scottish spring – troubled summer – falling down – getting up
random gum – 2014

The full playlist on Spotify (except for songs that don’t exist on Spotify).

Nine Inch Nails – “We’re in this Together” if the world should break in two/until the very end of me, until the very end of you
Had no idea when this year began how true the sentiment would be. “We will make it through somehow” “Even after everything/you’re the queen and I’m the king/nothing else means anything”. For S.

Charlotte Gainsbourg – “Hey Joe”
We didn’t know we needed a breathy Charlotte-sung, Beck-produced version of this song, but we did!

Angel Olsen – “High and Wild” you’re here, you’re here, but your spirit’s disappeared/off to some place that i don’t know, some human thing has squashed your soul
Another dark Berlin summer, emerging in the light. “You might as well be blind, cause you don’t see me anymore/And you, you can’t tell me that you love me, when I’m standing in your way”

Dum Dum Girls – “Take Care of My Baby”
For S, and getting through all the rough times and worries. Takes on unforeseen depth.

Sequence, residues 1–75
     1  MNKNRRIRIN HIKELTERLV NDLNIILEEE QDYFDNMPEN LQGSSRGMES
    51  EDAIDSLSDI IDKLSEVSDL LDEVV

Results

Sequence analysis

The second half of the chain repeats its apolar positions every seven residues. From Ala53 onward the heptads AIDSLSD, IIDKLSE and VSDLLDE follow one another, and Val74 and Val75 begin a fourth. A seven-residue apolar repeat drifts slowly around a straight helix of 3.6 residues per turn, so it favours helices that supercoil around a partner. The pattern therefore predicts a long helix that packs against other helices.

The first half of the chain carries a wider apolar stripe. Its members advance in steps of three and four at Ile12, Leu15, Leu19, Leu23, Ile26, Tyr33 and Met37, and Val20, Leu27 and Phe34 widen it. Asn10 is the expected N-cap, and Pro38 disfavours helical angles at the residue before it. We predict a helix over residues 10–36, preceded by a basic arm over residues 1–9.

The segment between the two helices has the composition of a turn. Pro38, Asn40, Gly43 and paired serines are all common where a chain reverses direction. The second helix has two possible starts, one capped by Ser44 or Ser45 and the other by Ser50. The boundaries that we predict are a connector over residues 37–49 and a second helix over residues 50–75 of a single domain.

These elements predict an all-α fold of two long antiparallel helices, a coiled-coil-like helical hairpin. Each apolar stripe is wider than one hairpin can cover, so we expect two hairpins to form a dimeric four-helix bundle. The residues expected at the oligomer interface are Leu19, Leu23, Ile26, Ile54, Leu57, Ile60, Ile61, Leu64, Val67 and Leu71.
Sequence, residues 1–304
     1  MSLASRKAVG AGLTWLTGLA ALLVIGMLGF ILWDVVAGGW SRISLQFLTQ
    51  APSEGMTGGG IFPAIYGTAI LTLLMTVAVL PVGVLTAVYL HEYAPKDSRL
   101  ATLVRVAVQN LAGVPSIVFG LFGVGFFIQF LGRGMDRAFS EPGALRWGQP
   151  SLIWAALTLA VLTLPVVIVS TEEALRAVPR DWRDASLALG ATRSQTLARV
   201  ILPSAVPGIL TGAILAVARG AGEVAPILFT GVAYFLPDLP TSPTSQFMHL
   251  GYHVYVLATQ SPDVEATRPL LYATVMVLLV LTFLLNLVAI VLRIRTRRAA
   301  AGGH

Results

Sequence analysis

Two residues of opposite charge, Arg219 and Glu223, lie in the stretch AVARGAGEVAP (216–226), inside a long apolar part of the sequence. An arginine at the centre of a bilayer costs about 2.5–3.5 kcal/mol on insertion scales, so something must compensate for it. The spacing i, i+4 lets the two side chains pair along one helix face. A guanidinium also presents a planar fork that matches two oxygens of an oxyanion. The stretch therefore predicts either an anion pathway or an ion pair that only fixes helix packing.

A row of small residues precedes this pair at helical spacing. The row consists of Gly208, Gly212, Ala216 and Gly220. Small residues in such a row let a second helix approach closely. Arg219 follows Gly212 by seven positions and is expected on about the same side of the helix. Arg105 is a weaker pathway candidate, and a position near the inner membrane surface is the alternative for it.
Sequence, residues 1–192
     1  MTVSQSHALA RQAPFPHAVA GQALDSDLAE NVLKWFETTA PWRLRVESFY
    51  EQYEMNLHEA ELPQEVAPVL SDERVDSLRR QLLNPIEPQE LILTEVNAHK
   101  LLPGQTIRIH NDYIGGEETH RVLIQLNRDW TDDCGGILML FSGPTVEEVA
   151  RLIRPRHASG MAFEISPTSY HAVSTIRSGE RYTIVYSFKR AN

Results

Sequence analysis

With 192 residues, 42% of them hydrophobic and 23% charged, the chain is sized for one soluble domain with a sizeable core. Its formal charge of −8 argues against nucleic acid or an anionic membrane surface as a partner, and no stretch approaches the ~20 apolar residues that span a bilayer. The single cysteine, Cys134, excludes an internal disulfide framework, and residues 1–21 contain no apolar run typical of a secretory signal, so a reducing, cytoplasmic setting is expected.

Le Prince Miiaou – “Hawaiian Tree”
For Aurélien, who long ago won the battle, in quality and number, of track-listing mentions.

Tennis – “It All Feels the Same”
“We could be good but we don’t live the way that we should/Constantly told we’re imperfect and cannot be good/Tired of waiting around for you to intervene/Tired of wishing that you even knew what I mean”. Pain and strain of repeated mistakes

Wild Flag – “Romance We love the sound, the sound is what found us/Sound is the blood between me and you
“Back when I had no story, nothing to form me/You got under my skin/You were my maker/my re-creator/My reason to live”

The Saints – “(I’m) Stranded”
For Stephen and those half-hour conversations (“wee chats”) that never lasted less than all night.

Sonic Youth – “Kool Thing” I just want you to know that we can still be friends
High school. “Are you gonna liberate us girls from male, white, corporate oppression?”

Angelique Kidjo – “Lay, Lady, Lay”
Angelique from Benin, one of those countries in Africa I learned about only incrementally